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Organisation and Other Information

Your Course Organiser

Nicholas d'Ambrumenil is in charge of all the teaching. Michael Pounds (PS102), the Director of Student Experience, is available to help with any issue which affects you.


When you first joined the department you were registered for either the 3-year BSc degree or the 4-year MPhys degree, and you have probably retained that registration since then. This registration will not affect the actual modules you take this year as the BSc and MPhys programmes are identical.

The MPhys Degree Programme

This 4 year degree emerged a number of years ago in response to modifications which had been introduced into the traditional BSc degree in Physics offered by most British universities, which entailed a significant reduction in their content - to the extent that the BSc degree could no longer be considered a completely satisfactory training for a professional physicist. Accordingly, if you wish to pursue a career as a practising physicist - either in industry or in research leading to higher degrees - you are recommended to follow the 4 year MPhys degree course. The University will permit you to transfer to the MPhys degree up until the end of the 2nd year.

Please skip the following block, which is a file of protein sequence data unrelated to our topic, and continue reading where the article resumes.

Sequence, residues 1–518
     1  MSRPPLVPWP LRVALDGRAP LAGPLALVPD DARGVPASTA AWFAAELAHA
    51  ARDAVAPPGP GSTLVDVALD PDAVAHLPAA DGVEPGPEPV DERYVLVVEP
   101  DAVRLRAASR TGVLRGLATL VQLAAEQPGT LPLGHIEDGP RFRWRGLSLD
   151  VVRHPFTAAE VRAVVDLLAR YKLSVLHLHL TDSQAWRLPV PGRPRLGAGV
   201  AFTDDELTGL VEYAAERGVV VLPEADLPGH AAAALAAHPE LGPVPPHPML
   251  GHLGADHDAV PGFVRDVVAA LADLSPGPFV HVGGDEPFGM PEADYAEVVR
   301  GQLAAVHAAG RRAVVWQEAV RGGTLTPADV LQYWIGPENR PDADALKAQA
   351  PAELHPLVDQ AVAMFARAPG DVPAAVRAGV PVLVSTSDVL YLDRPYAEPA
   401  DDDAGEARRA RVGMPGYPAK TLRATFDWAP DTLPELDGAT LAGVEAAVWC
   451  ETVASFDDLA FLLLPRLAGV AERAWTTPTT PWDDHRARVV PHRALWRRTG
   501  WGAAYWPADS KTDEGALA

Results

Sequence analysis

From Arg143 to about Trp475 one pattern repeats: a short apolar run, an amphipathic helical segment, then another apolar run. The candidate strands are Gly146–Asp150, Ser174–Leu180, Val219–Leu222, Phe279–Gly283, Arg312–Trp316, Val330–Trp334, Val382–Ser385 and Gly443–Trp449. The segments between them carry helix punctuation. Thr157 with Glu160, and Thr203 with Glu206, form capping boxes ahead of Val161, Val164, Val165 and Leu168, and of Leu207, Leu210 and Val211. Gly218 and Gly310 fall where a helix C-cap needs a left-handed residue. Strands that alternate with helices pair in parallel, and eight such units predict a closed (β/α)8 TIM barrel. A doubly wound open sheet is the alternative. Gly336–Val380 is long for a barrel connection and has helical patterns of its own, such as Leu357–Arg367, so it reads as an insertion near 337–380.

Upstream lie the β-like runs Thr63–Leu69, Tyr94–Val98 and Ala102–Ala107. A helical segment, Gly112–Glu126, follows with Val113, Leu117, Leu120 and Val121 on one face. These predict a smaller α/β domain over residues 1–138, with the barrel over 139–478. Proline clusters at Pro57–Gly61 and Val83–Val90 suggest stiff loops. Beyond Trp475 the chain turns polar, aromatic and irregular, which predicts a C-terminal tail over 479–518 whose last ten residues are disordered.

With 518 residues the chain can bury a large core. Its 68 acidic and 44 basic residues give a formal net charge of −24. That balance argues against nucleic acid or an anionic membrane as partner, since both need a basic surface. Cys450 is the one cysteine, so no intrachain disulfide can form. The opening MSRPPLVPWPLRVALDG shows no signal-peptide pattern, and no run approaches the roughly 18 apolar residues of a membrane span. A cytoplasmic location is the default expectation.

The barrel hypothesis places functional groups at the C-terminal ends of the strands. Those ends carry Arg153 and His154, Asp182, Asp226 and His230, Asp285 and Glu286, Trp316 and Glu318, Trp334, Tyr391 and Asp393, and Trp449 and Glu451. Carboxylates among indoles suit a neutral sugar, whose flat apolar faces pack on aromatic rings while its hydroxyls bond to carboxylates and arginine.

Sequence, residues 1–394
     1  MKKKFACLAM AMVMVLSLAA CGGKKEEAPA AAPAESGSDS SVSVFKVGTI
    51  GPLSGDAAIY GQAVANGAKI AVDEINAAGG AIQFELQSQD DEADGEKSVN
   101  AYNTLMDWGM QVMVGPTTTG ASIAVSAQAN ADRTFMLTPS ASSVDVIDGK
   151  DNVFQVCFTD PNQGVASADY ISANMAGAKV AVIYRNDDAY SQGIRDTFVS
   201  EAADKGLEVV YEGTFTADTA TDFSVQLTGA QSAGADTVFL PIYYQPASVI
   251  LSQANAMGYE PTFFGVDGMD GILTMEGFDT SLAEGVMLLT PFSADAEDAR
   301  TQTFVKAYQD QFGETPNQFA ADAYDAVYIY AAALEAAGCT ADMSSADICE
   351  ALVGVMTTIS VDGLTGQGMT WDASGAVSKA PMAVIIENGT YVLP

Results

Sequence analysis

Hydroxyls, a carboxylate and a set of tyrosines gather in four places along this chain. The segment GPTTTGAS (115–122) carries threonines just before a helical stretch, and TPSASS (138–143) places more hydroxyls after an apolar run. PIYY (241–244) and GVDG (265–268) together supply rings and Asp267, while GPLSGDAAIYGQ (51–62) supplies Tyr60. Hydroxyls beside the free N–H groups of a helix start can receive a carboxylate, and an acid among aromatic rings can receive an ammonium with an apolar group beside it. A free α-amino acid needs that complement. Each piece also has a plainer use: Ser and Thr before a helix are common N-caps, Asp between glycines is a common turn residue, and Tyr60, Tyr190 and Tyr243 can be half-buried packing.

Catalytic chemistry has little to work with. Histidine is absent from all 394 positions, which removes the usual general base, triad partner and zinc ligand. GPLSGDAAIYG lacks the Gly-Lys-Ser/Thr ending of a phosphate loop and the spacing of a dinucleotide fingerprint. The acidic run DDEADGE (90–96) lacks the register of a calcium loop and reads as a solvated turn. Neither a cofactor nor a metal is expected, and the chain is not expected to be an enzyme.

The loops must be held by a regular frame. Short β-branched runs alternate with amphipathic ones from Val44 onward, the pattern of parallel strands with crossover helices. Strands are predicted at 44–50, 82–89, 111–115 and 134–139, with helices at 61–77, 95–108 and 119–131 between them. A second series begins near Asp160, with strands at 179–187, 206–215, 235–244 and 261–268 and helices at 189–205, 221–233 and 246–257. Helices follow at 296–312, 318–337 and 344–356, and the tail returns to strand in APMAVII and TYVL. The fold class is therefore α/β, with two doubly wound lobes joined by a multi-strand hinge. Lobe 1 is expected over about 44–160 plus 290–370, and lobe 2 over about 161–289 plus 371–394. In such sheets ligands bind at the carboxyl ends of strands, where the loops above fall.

All students registered for the MPhys programme are reminded that continuation to the 3rd and 4th years of the programme is not automatic. To be eligible to automatically continue on the MPhys degree programme an upper 2nd Class Honours performance must be attained in your 2nd Year, with CATs weighted average mark in the examined second year physics modules also above 60%. (Please note that in determining the CATs weighted average mark the mark for all PX coded modules that you are registered for will count irrespective of whether you have taken more than the normal load of 120 CATs.) Students not achieving these requirements will transfer to the 3rd year of the BSc degree programme.